According to Dr. Orio, brachytherapy can be used by itself for low and intermediate risk stages of prostate cancer, and performed in conjunction with other treatments for those with high risk disease. Typically, Dr. Orio performs brachytherapy on men in their late forties up to the mid-seventies. “I implant a lot of younger men as it preserves erectile function when compared to other treatments and has very little risk of incontinence as we’re not altering the man’s anatomy,” he states.

However, since brachytherapy requires the patient to undergo anesthesia, he does not recommend it for someone who has less than ten years of life expectancy based upon other health issues. In those cases, Dr. Orio feels other therapy options may be more appropriate. “With external beam radiation therapy, for example, the patient doesn’t have to go under anesthesia,” says Dr. Orio.  

During the brachytherapy procedure, Dr. Orio explains that a “super computer” quickly devises 500,000 unique treatment plans for the physician to review and subsequently select and tailor the best possible plan for the patient. This process allows the physician to pinpoint where the radioactive seeds should be placed in the prostate and the possible needle-seed combinations. The computer program then distills down the information and highlights the best plan for that particular patient’s anatomy and cancer. The medical team evaluates the recommendations, and once the plan is finalized, the care team has a blueprint to deliver the radioactive seeds into the prostate via guidance by 3D ultrasound.

“We link the seeds together so they are placed in the needle in the configuration we want,” Dr. Orio relates. “We go in through the perineum. We put a needle in, take it out, and leave the seeds behind, repeating this about 12-14 times. We know where the needle needs to be and we take care to put it exactly where it should go. We can also go three-five millimeters past the prostate, which we’ll do for higher-risk disease, to stay a step ahead of the cancer.”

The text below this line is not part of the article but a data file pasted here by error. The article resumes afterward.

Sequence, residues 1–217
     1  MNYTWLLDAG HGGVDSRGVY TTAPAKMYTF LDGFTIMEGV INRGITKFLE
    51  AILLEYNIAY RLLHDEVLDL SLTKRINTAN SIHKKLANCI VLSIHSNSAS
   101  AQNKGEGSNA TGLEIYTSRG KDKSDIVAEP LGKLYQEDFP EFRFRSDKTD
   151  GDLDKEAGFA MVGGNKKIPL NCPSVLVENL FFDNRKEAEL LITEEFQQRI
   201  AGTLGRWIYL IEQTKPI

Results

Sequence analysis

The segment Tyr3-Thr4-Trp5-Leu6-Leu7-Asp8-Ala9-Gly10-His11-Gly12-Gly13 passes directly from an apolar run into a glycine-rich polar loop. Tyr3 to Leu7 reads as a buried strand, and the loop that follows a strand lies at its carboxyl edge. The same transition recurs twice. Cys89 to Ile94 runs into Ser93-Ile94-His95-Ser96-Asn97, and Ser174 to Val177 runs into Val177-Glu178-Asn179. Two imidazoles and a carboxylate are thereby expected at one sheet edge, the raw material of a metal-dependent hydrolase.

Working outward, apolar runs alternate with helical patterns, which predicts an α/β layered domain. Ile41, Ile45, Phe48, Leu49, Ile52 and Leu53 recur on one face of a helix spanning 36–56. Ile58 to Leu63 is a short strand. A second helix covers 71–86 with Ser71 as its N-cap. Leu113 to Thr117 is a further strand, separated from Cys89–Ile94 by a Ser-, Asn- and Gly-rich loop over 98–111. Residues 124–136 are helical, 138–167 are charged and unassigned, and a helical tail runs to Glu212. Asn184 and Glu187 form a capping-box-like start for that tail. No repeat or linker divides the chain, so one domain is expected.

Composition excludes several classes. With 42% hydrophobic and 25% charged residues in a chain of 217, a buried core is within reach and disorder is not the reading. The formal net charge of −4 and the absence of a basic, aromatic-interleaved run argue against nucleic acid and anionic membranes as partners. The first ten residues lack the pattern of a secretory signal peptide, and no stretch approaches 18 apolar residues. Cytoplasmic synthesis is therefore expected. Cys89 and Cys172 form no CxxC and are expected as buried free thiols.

Dr. Orio notes that he performs the procedure alongside a physicist who oversees the calibrations to make sure the equipment is working properly and checks the radiation doses; a dosimetrist who links the seeds together; and a urologist (usually the patient’s) who will help insert the seeds. The brachytherapy procedure takes about 60-90 minutes to complete. 

“There’s no cutting and no blood loss,” Dr. Orio says. “A bigger needle is used for a blood draw than to put the seeds in. The patients go to recovery, wake up and are usually out of the hospital an hour and a half later. The next day, they’re back on their feet, recovered and hard-pressed to know we did anything. The elegance of the procedure is its simplicity.”

Today–seven years after his lung surgery and four years after brachytherapy–Hank says his PSA levels are almost nothing. Even though he doesn’t need to, Hank continues to check in with Dr. Orio once a year.

“He's a great doctor, very knowledgeable, easy to understand and friendly,” he says. “I was so thankful I had a top-notch doctor. The hospital treated me real well through everything.  In a way it was a good experience for something that was bad. Between Milford Regional, Dana-Farber and Brigham across the street, and all three of them working together, it made it easier for my family. All my care was in one place. I’m so thankful.”

To schedule an appointment with Peter F. Orio, III, DO, at Dana-Farber/Brigham and Women’s Cancer Center at Milford Regional Medical Center, call 508-488-3800.